That’s good news, I’ve just started listening to French podcasts recently!! Thank you so much for your advice! I currently take French, English Lit, History, and Psychology (I didn’t choose to do 4 my school forces us to 😂)
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sixdifferentways
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(Original post by The_Lonely_Goatherd)
The French course at Oxford is very literature-heavy, so it would be good to do wider reading if possible (either in original language or translation) :yes:
Oooo thank you for the heads up!! This will be very useful
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Mona123456
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(Original post by sixdifferentways)
That’s good news, I’ve just started listening to French podcasts recently!! Thank you so much for your advice! I currently take French, English Lit, History, and Psychology (I didn’t choose to do 4 my school forces us to 😂)
Great, that podcast will be helpful. Those A Levels are good, although if you feel 4 is too much, if your school lets you drop one after a year, it may be worth it. 3A*s is better than 2A*s and 2As. Anyway, best of luck!
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bimbibap
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(Original post by sixdifferentways)
I'm currently in year 12 and I have my heart SET on going to Oxford. I think I will be able to get the grades I need so I'm only moderately concerned with that. What I am worried about is all of the other things I need to apply. I do some work with charity and volunteer in my spare time, as well as playing musical instruments and doing concerts, but I'm concerned because it doesn't really reate to what I want to study (French). If anyone has any ideas what I could do to have more to put on my application that would be brill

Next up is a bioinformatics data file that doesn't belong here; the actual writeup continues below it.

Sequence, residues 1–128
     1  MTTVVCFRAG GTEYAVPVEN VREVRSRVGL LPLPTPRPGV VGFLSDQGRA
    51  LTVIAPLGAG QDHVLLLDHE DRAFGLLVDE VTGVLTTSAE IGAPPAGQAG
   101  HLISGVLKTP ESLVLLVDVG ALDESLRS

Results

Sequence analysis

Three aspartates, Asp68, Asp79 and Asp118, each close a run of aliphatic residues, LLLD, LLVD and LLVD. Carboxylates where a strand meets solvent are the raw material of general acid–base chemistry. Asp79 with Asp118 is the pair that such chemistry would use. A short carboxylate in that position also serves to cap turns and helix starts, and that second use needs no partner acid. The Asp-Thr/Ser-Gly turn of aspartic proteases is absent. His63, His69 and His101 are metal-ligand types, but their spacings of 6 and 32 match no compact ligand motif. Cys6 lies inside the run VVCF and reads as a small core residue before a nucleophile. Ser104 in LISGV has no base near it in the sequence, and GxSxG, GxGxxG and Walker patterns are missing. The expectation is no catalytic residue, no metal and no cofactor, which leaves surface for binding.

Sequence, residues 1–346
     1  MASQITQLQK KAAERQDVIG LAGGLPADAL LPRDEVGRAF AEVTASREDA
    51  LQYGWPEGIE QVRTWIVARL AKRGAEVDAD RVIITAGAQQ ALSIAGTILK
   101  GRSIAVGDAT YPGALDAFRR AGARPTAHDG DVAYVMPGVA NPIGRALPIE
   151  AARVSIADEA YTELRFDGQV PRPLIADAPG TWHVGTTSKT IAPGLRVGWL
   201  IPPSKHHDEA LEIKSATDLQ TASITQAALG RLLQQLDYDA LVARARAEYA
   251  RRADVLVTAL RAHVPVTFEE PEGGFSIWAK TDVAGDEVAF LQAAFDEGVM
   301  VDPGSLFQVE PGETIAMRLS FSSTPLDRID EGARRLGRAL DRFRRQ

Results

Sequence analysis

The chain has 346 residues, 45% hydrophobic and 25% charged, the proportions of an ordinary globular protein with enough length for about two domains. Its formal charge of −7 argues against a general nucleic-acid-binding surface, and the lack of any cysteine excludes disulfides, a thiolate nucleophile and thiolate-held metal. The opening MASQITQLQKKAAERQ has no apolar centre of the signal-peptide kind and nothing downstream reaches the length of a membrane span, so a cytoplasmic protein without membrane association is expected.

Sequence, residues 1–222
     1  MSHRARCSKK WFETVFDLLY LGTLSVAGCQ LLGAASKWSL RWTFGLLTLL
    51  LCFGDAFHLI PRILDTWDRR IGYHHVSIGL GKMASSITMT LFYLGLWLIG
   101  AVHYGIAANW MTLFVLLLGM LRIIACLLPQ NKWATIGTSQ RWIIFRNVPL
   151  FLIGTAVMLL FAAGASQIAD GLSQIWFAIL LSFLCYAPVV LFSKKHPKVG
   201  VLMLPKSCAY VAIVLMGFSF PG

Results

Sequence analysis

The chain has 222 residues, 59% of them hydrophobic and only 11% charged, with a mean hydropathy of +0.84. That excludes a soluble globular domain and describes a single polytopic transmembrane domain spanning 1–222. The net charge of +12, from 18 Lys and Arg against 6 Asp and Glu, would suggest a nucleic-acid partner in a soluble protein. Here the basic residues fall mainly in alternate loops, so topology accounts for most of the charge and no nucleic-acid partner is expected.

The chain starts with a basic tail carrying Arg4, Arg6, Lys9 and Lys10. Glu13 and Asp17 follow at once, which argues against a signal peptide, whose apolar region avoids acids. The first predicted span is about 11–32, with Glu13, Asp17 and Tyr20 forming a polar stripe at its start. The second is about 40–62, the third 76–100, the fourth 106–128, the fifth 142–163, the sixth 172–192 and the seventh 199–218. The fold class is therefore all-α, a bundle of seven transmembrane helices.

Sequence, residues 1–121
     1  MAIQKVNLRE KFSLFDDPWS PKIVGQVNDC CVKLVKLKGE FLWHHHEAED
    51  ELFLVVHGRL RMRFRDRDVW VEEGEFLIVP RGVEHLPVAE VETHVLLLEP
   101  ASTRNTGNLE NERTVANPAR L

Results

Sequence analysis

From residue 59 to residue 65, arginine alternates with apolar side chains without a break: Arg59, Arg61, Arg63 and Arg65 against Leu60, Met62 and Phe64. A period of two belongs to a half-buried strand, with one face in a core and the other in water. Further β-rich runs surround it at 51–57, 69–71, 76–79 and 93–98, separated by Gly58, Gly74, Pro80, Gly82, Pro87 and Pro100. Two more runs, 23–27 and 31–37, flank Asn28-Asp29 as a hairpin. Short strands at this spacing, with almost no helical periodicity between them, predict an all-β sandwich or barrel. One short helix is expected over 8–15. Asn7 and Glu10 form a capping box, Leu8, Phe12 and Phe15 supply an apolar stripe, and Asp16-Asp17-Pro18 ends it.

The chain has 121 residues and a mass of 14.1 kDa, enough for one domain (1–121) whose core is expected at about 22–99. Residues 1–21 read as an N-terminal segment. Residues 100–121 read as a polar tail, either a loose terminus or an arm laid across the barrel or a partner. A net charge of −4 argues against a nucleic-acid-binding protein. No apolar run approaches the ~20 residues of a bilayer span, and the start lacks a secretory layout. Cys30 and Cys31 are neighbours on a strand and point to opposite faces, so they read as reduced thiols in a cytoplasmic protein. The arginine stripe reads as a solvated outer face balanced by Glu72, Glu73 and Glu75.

I'd say lots of reading of French authors, and summer camps that teach french.
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Edd_Blake
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Based on my son's recent interviews, I'd agree that reading (and listening) widely in French is important. But most importantly, don't be afraid to let your interests guide your way and motivate you. Don't, for example, eschew any passionately-held interests because they aren't perceived as 'academic'.

For example, my son spent a lot of time on YouTube listening to French hip hop and rap. This led to other texts - e.g. interviews / newspaper reviews - that he genuinely enjoyed working through. An interest in Maître Gims, for example, can lead to discussions on culture and identity in modern France...

So yeah, don't forget why you love French, and don't forget to be a 17-year old during this academic process! I've got a feeling you'll do well...
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sixdifferentways
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(Original post by Edd_Blake)
Based on my son's recent interviews, I'd agree that reading (and listening) widely in French is important. But most importantly, don't be afraid to let your interests guide your way and motivate you. Don't, for example, eschew any passionately-held interests because they aren't perceived as 'academic'.